Toronto neighbourhoods where it’s better to rent a condo
Good news for renters: It’s cheaper to rent a condo than to buy one in Toronto’s prime neighbourhoods.
The bad news: rent is still high and unlikely to ease anytime soon. In fact, as long as vacancy rates remain at a historic low, at below 1 per cent, rent is actually set to rise.
The Toronto Real Estate Board’s (TREB) Q2 rental report says that bachelor units rented through MLS now go for $1,716, an increase of 10.6 per cent year-over-year. That’s the least expensive way to rent a condo and the only type of unit available for under $2,000. One-bedroom units now go for $2,055, a 10.4 per-cent increase. If you’d like to split costs with a roommate, have a baby or simply desire more space, you’re looking at $2,755 for a two-bedroom or $3,460 for a three-bedroom.
TREB President Garry Bhaura says that with demand for rentals steadily increasing, more needs to be done at the policy level to ensure supply is available and remains affordable for Toronto residents.
“The demand for condominium apartment rentals remained strong compared to the number of units available for rent. Current market conditions point to the fact that renters have little choice when it comes to finding a place to live,” he says.
“Governments need to look at ways to increase the supply of rental accommodation, both in terms for purpose-built rental properties and individual investor-held units. This would go a long way to easing the pace of rent growth in the GTA.”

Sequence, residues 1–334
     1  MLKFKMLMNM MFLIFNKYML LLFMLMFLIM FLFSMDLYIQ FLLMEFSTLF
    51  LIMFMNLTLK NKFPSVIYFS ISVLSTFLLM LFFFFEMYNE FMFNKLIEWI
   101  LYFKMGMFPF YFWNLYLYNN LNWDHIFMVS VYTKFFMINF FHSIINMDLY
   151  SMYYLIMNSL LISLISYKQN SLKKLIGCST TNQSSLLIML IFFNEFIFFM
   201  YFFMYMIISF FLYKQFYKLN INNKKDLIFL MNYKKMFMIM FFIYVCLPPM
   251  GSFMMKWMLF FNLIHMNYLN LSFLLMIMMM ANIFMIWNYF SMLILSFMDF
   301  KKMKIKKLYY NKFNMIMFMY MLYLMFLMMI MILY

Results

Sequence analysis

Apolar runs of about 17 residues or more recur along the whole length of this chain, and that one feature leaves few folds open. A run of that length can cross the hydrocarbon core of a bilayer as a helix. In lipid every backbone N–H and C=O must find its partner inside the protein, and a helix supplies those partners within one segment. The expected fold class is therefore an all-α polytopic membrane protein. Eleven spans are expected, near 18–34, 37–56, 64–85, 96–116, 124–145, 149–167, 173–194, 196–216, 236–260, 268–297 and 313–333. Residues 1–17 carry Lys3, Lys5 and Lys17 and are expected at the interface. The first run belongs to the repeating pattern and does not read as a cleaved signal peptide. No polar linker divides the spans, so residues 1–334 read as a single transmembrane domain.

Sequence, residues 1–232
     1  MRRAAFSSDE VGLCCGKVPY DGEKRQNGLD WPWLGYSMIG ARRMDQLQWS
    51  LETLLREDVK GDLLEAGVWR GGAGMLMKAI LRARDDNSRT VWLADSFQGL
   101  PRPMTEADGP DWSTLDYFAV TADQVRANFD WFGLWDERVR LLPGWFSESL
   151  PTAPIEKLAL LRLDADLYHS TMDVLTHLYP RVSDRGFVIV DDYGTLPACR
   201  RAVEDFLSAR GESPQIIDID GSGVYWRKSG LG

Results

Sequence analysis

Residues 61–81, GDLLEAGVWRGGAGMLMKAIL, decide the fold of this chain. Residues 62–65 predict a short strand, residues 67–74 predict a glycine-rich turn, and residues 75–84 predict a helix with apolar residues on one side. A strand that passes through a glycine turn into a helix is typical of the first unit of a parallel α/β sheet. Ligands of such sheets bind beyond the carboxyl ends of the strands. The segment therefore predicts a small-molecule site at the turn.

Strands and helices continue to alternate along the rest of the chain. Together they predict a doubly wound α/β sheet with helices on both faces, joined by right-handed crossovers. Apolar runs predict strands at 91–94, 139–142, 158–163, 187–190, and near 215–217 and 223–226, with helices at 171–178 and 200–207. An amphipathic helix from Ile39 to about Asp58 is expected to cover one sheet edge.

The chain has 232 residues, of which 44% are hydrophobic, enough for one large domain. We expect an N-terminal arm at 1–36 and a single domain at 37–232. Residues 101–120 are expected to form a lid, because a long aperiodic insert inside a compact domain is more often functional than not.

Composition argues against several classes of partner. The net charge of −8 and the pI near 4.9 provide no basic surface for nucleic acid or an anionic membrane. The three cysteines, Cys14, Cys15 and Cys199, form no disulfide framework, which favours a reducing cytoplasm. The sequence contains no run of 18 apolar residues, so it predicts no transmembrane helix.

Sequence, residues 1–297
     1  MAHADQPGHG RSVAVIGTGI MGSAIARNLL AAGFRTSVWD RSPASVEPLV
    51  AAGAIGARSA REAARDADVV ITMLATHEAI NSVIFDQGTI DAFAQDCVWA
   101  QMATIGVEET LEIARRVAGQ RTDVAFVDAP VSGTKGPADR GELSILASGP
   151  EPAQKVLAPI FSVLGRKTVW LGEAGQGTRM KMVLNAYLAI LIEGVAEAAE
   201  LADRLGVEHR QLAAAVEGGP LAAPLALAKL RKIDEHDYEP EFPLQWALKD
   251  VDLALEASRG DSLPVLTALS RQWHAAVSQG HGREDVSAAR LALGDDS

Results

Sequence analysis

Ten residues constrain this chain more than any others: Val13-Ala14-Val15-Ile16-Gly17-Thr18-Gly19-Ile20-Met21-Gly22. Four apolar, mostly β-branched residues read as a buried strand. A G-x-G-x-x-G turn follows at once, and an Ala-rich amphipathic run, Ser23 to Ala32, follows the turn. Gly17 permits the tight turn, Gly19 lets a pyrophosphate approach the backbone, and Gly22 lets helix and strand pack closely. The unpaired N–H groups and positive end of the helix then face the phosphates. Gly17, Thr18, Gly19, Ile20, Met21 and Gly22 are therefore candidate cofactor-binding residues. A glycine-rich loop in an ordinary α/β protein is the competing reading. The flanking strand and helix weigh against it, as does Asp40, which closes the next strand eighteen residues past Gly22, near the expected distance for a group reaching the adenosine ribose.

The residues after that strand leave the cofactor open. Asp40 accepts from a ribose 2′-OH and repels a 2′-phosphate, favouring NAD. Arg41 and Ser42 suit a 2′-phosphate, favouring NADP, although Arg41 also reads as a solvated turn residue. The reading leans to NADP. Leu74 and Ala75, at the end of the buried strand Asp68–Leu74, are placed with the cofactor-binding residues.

If you want cheaper rent, you may want to leave the Toronto for other cities in Ontario such as, Ottawa or London. Both these cities have robust job markets with a much lower cost of living. Ottawa real estate shows that the average rent for a two-bedroom condo is around $1,600. Homes for sale in London, Ontario are so inexpensive that landlords can afford to rent them out on the cheap. In fact, two-bedroom condos in London are the cheapest anywhere in Ontario, going for around $1,000.
But we understand if you’re determined to stay in Toronto.
Zoocasa looked at the average monthly rent and average condo price in each City of Toronto neighbourhood. According to the calculations, it makes more financial sense from a monthly payment perspective to rent rather than buy in 14 of the neighbourhoods studied.
It’s better to rent in all neighbourhoods along the spine of the city including across downtown and the entertainment district, Yorkville, Annex, Summerhill and Forest Hill.
Renting versus buying in these neighbourhoods can save you from $51 per month in downtown and the entertainment district, all the way up to $1,272 in Rosedale and Moore Park.
But buying has the potential to increase your cash flow if you’re renting on the outskirts surrounding the city, like in North York, Etobicoke or Scarborough.
Check out the infographic for a full map of where it’s cheaper to rent than buy and how much doing so will save you per month: